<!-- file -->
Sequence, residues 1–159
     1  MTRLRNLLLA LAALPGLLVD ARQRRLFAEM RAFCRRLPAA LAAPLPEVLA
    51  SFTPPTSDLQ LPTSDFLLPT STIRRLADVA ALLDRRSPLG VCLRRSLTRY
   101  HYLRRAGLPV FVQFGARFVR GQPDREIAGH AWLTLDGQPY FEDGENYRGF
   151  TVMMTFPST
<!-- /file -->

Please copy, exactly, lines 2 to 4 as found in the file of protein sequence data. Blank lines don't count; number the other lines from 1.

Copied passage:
     1  MTRLRNLLLA LAALPGLLVD ARQRRLFAEM RAFCRRLPAA LAAPLPEVLA
    51  SFTPPTSDLQ LPTSDFLLPT STIRRLADVA ALLDRRSPLG VCLRRSLTRY
   101  HYLRRAGLPV FVQFGARFVR GQPDREIAGH AWLTLDGQPY FEDGENYRGF